Greater differences in output voltage will confuse the MPPT module during it's sampling and will result in decreased solar charge boost, or even none at all.


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Old 11-04-2015, 07:45 PM   #21
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Lew, this is what you and I discussed earlier. If it turns out to be an issue, I will dump the polycrystalline panel.


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Old 11-04-2015, 08:46 PM   #22
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I'm no solar expert but if you wire the panels in series it shouldn't matter if the voltages are different.
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Old 11-04-2015, 08:50 PM   #23
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Retrofitting solar in a T1N Interstate

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I'm no solar expert but if you wire the panels in series it shouldn't matter if the voltages are different.

Yes it will. It's similar to using two different types if batteries or ones of different age in the same battery bank.


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Old 11-04-2015, 09:33 PM   #24
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My panels are in parallel, not series. A 12 volt system.....The voltage balance is important as Lew points out, especially with a MPPT controller.


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Old 11-04-2015, 09:44 PM   #25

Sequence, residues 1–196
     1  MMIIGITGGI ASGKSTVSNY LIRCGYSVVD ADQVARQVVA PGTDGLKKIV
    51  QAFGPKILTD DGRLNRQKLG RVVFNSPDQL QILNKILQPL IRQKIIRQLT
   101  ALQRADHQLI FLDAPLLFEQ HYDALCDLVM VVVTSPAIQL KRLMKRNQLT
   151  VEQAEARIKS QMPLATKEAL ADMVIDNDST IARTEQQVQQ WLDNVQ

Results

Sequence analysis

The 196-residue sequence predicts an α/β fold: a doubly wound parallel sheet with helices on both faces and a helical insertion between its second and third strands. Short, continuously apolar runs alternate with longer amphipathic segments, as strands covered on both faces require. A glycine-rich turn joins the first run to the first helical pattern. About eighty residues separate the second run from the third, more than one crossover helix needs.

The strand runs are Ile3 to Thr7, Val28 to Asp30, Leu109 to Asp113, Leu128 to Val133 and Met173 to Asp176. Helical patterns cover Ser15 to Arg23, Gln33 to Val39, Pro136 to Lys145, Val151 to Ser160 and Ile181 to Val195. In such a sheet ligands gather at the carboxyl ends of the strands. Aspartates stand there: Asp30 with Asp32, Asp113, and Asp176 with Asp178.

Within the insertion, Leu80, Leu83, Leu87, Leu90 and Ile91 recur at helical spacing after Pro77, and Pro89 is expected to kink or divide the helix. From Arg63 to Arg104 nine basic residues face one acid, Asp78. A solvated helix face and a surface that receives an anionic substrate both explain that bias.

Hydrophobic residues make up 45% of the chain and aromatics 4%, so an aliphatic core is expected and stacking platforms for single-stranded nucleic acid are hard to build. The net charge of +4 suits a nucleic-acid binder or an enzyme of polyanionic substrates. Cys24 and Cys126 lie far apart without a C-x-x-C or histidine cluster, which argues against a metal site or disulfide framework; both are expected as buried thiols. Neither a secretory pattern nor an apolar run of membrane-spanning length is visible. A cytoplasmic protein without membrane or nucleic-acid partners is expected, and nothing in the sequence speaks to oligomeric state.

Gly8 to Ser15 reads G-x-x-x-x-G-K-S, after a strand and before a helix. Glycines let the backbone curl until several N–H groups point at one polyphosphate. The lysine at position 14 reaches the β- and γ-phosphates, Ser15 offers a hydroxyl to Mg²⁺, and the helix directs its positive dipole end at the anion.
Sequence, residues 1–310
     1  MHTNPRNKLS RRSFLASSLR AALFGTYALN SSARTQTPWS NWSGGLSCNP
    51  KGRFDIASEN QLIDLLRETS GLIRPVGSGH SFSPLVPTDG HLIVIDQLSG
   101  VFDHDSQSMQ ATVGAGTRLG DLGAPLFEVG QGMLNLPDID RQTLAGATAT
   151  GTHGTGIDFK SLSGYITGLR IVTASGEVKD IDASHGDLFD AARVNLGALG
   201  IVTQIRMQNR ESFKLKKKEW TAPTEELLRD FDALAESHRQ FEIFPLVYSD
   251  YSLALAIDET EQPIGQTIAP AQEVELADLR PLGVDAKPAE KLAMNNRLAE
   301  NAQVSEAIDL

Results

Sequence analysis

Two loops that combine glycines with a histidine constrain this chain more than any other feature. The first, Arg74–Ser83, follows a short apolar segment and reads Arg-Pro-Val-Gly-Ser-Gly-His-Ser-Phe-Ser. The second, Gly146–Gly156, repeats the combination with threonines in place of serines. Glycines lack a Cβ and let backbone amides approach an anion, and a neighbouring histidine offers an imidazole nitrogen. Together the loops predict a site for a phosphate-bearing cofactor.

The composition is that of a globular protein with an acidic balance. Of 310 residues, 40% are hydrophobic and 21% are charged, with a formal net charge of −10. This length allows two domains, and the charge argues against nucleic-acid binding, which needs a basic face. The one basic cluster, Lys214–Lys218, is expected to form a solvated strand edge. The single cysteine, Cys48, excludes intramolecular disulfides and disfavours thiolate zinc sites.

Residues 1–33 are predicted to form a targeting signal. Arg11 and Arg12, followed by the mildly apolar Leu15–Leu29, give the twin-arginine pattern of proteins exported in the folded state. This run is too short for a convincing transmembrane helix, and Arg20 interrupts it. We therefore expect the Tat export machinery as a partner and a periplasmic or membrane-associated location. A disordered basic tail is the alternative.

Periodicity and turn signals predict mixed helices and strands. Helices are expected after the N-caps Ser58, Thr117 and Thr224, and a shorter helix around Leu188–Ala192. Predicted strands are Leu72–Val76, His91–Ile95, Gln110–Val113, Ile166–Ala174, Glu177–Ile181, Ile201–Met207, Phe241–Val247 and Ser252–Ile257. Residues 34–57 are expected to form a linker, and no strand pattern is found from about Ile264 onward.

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Sorry guys....seems we are getting off topic for the OP.


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Old 11-04-2015, 10:03 PM   #26
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Quote:
Originally Posted by InterBlog View Post
Re: solar in general - So how do owners of Interstates with existing solar systems clean their panels? I'm assuming this needs to be done routinely?
When I go to the Blue Beacon truck wash, they clean the roof— but once I forgot to close the roof vents first! Fortunately the only one that leaked was the one in the wet bath…

Other than that, I just let the periodic New Orleans thunderstorms take care of it, and they seem to do the job pretty well.
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Old 11-11-2015, 07:44 PM   #27
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One of the three panels loosely dry-fit to get a feel for how the rail system ought to be designed. Not the best pic - taken after dark by me standing on the roof and holding my iPhone above my head.

At lower photo right, you can see a black device poking out from the edge of the fridge vent shroud... that's the "combiner box", where the wire run feeds downward into the coach.

In an unrelated event, our original Dometic 2351 fridge died and we just finished installing a replacement this evening. The timing of the death was auspicious, however, as with the old fridge ripped out, the wire could be run.

I'll publish a blog post with greater detail once we get the whole project finished.
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Old 12-27-2015, 05:56 PM   #28
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Santa Claus brought the 80/20 frame pieces, stainless steel hardware, and even a new drill press. Perhaps most importantly, a bit of free time has come with the holidays, so we are making progress on this solar project. I'm starting a series of blog posts with details, but for now, here's a money shot of the completed 3-panel frame. Weight of this portion - 76 pounds, of which 42 pounds are the panels themselves.